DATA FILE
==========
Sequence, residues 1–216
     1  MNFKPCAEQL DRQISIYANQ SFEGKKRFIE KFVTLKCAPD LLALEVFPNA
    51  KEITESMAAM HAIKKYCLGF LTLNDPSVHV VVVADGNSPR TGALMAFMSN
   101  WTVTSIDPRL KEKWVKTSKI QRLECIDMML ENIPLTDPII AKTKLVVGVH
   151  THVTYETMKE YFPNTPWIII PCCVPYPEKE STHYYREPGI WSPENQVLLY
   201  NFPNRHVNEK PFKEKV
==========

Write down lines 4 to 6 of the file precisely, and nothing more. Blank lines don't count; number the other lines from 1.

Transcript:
   101  WTVTSIDPRL KEKWVKTSKI QRLECIDMML ENIPLTDPII AKTKLVVGVH
   151  THVTYETMKE YFPNTPWIII PCCVPYPEKE STHYYREPGI WSPENQVLLY
   201  NFPNRHVNEK PFKEKV